And you take the recommendation of a friend or a relative, somebody that you trust. They tell you who they go to. You consider-- probably give higher weight, more value to their recommendation than to maybe something else that you've read. So we once again depend on our relationships here and what we hear from others to make decisions about authority and credibility.

Now, there is one other thing to mention here in terms of how we make decisions. And that is that we tend to want to trust people that are more like ourselves. Now this is called an attribution bias.

Now, an attribution bias is a tendency to assign more positive traits to members of one's own group and to assign more negative traits to non-members. So people with whom we share histories and backgrounds, we feel more comfortable with. And perhaps for that reason we give more credence or more credibility to what they might say, or we have a tendency to trust them more than we trust someone who's not like ourselves, that's unfamiliar to us.

And in many cases, this can be more powerful than evidence itself. We go with this feeling we have about the individual based on how much they are like us rather than on direct evidence. So trust, credibility, authority, they're all important. And we get them through relationships that we're involved in. That's who we make these decisions about who to trust and who's credible.

Now, conflict can damage trust. Conflict can damage trust because we see behaviors that don't match what we originally thought about an individual. Now conflict can come through either something emotional that happened or perhaps something physical. You were disappointed in some way.

A person that you trusted never called, never emailed, never got in touch when you were going through a very difficult time. And now you're wondering, how can I trust this person? Is this person really who I thought he or she was?

Or perhaps you've loaned somebody some money or you loaned them your tools and they won't return them. They keep making excuses. It's damaged your trust. So conflict can damage trust.

Now, in a conflict resolution process, trust is very important. It's very important to build trust. And it's important that both parties feel that they can trust the conflict intervener. So how does a conflict intervener do that, accomplish that?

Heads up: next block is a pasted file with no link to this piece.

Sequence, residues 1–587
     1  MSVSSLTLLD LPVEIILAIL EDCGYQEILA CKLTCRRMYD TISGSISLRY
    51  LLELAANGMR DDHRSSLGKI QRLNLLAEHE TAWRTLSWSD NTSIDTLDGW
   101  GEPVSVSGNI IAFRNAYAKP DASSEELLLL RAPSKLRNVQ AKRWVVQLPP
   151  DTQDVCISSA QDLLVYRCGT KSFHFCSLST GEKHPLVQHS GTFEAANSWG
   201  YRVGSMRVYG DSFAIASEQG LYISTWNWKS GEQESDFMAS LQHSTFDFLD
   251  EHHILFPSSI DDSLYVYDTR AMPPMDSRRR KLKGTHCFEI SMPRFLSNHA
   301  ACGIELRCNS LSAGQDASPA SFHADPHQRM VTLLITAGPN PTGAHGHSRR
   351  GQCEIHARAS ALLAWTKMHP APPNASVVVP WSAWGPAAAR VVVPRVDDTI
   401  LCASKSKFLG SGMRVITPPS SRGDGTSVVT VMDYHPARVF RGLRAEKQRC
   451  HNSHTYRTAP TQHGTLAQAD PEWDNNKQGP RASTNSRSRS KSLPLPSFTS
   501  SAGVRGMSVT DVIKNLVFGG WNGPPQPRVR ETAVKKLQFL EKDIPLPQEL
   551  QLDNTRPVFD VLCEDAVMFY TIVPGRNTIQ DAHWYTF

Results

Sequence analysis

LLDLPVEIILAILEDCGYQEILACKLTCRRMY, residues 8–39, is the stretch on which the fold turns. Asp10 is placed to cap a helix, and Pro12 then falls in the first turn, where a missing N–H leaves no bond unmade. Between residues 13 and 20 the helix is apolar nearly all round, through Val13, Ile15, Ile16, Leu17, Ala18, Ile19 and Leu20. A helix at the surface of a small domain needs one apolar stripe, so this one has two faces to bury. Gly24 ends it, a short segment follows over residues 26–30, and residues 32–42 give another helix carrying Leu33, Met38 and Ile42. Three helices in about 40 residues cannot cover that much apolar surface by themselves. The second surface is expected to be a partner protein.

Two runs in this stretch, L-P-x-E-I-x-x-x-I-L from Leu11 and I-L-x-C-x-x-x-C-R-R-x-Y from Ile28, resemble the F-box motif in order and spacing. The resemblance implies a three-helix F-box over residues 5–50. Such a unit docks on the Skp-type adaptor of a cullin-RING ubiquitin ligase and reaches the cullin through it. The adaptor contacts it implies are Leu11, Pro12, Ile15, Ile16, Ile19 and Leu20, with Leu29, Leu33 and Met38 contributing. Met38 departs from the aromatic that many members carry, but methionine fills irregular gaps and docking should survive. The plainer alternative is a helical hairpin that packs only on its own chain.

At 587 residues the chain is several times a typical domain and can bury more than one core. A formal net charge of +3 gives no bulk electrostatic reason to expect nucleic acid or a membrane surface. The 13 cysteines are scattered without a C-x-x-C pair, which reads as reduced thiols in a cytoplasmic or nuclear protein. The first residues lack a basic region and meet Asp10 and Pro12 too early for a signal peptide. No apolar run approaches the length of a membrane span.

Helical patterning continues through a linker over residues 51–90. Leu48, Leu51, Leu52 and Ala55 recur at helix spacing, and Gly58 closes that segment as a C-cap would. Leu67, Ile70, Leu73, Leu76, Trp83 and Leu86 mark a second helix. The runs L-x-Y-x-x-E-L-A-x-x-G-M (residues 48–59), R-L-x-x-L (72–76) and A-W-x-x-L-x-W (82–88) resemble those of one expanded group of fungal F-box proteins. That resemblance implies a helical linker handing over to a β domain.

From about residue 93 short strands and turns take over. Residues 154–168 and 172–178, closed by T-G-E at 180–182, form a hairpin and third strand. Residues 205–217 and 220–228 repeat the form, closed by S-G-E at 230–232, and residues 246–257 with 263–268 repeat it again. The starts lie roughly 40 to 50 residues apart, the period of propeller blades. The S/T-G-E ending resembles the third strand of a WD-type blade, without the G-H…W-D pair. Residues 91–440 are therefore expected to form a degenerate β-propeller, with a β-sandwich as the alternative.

Well, the conflict intervener wants to make sure that he or she gives equal treatment to both parties so they both feel that they are being treated respectfully and equally. It's important right up front to make sure that both parties know that you're nonjudgmental, that in your role You are not here to decide anything. You have no invested interest in the outcome.

Your role is to create a safe and confidential environment for them to talk out these issues and come to an agreement that meets their mutual needs. So the environment is also important. It needs to be a safe, comfortable environment. And the confidentiality needs to be there. So a conflict resolver, a conflict intervener, needs to set up these conditions at the very beginning of the process so that there is trust with the person, the third party here who is helping to mediate or resolve the conflict.

So I'm Marlene. And I've enjoyed being part of this tutorial. And I look forward to next time.

TERMS TO KNOW
  • Attribution Bias

    A tendency to assign more positive traits to members of one's own group and to assign more negative traits to non-members.

  • Credibility

    In relationships, a perception that an individual has adequate knowledge and an inclination to honesty regarding particular actions or statements.

  • Authority

    In relationships, a recognition that a member of the relationship is empowered to fill particular roles or perform particular tasks.

  • Trust

    An expectation that an individual will act in positive ways towards other members of the relationship, based on assessment of previous behavior.